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3 October 2006

Back to Treatment Modalities

   KIDNEY STONES
(Calcium Oxalate)

  1. Diet: Eliminate refined sugar, other refined carbohydrates, and caffeine. Restrict the intake of high-oxalate foods. Patients with sodium-induced hypercalciuria should consume a low-salt diet. Adequate amounts of liquid should be consumed. Do not restrict dietary calcium; however, if calcium supplements are used, they should be taken with meals.
  2. Vitamin B6, 10-50 mg/day, has been reported to reduce urinary oxalate excretion. Higher doses may be needed to normalize urinary oxalate in some cases, and up to one gm/day has been used for primary (hereditary) hyperoxaluria. Watch for signs of vitamin B6 toxicity with doses greater than 200 mg/day.
  3. Magnesium, 300-500 mg/day: Magnesium, either alone or in combination with 10 mg/day of vitaminB6, has been reported to reduce recurrences by approximately 90%. Magnesium increases the solubility of calcium oxalate. Supplementation with magnesium citrate would be expected to increase urinary excretion of citrate, which is an inhibitor of stone formation. However, magnesium citrate has not been studied as a treatment for recurrent kidney stones.
  4. Vitamin A (15,000 IU/day) if deficient: Vitamin A deficiency increases the risk of calcium-oxalate stones.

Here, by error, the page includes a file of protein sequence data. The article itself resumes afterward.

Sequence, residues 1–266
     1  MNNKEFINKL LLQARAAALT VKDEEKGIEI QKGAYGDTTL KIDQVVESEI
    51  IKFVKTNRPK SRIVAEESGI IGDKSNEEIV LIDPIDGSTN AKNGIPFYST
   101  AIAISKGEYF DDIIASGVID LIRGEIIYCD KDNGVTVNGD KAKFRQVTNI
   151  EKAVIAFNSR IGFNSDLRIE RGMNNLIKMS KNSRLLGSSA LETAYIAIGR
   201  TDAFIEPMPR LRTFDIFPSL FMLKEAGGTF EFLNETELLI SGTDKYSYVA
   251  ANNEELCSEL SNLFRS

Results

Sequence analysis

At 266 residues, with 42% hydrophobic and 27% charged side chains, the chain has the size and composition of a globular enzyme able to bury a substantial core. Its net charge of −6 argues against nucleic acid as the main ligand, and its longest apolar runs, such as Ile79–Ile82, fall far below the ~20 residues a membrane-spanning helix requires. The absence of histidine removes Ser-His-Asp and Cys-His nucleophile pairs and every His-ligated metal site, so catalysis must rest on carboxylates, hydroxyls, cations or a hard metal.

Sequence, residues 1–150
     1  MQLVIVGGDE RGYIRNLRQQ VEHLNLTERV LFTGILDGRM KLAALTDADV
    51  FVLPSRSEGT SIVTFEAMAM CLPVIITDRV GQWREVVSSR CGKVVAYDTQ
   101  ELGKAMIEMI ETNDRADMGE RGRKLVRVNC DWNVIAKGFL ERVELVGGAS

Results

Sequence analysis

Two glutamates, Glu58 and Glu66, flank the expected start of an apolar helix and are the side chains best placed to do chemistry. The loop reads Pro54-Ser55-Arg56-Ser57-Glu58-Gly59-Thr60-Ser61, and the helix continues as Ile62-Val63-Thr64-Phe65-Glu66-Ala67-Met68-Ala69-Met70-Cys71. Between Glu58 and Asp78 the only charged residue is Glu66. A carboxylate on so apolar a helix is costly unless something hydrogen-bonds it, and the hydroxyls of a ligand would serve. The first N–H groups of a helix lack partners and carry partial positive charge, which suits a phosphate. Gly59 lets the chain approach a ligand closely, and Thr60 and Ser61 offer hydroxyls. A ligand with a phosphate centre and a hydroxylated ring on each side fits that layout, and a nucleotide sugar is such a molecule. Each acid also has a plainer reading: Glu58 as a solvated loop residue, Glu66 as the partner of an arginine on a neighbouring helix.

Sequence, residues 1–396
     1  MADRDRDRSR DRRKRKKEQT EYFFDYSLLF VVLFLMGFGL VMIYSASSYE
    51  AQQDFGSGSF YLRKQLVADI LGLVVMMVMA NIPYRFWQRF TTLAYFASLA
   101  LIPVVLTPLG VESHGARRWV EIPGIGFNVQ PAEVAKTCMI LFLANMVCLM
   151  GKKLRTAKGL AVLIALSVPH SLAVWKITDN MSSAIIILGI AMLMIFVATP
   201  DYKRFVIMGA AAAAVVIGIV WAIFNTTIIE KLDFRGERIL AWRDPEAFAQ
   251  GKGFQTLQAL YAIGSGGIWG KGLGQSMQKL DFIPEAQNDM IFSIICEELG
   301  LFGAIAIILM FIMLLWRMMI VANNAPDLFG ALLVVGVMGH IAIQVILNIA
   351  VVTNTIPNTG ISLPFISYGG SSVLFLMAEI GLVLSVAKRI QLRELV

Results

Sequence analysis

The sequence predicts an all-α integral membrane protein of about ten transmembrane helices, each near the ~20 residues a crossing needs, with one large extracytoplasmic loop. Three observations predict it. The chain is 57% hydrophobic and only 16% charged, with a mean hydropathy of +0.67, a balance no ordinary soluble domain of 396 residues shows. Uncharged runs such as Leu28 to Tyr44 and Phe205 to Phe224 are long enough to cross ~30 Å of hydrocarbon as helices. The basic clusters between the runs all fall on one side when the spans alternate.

5. Rice bran, 10 gm 2 times per day after meals, has been reported to reduce the recurrence rate of calcium-oxalate stones by more than 80% (uncontrolled trial). The mechanism of action is not known.
  6. Cystone, an oral Ayurvedic herbal combination: 78% ofm50 patients who took Cystone passed their kidney stones, compared with 24% of 50 controls (Probe 1982;21(4):281-287).

For all types of stones:

  1. Eliminate refined sugars and carbohydrates from the diet. Magnesium, vitamins A, B6, and C are removed during refining.
  2. Reduce consumption of all meats, especially red meats, such as beef and pork.
  3. Consume more whole, unprocessed, and unrefined foods, such as whole grains, vegetables, fruits, and nuts.

For calcium oxalate stones:

  1. Eliminate from the diet foods high in oxalate: beet tops, chard, cocoa, cola, parsley, rhubarb, spinach, and tea.
  2. Magnesium (chelated), 100 mg twice daily or magnesium oxide, 100 mg, 3 time daily.
  3. Vitamin B6 (pyridoxine), 50 mg, 2 times daily.
    Note: In order to balance the whole B-complex group, it would be wise to increase all of the B vitamins. We recommend taking a super B capsule containing about 50 mg of each of B1 (thiamine), B2 (riboflavin), B3 (niacin or niacinamide), B6 (pyridoxine) of course, B5 (pantothenic acid), PABA, and Inositol; B2 (hydrocyanocobalamin), and Biotin, 50 mcg each; Folic acid, 200 mcg; Choline, 200 mg.
  4. Vitamin C (ascorbic acid), no more than 2-3 grams daily in divided doses.

For calcium phosphate stones: add

  1. Vitamin A, 60,000 to 120,000 IU*
  2. Vitamin E, 400-800 IU*
    * International Units. Oil-soluble vitamins (A & E) can be taken once daily.

For uric acid stones:

Anything which would correct the excess production and elimination of uric acid would also prevent uric-acid stone formation. Essentially, strictly follow recommendations 1 and 2 for all types of stones. Consider becoming a vegetarian.

For primary oxalosis:

  • Vitamin B6 (pyridoxine), 1,000 mg in divided doses.
  • Drink two quarts of water daily.
  •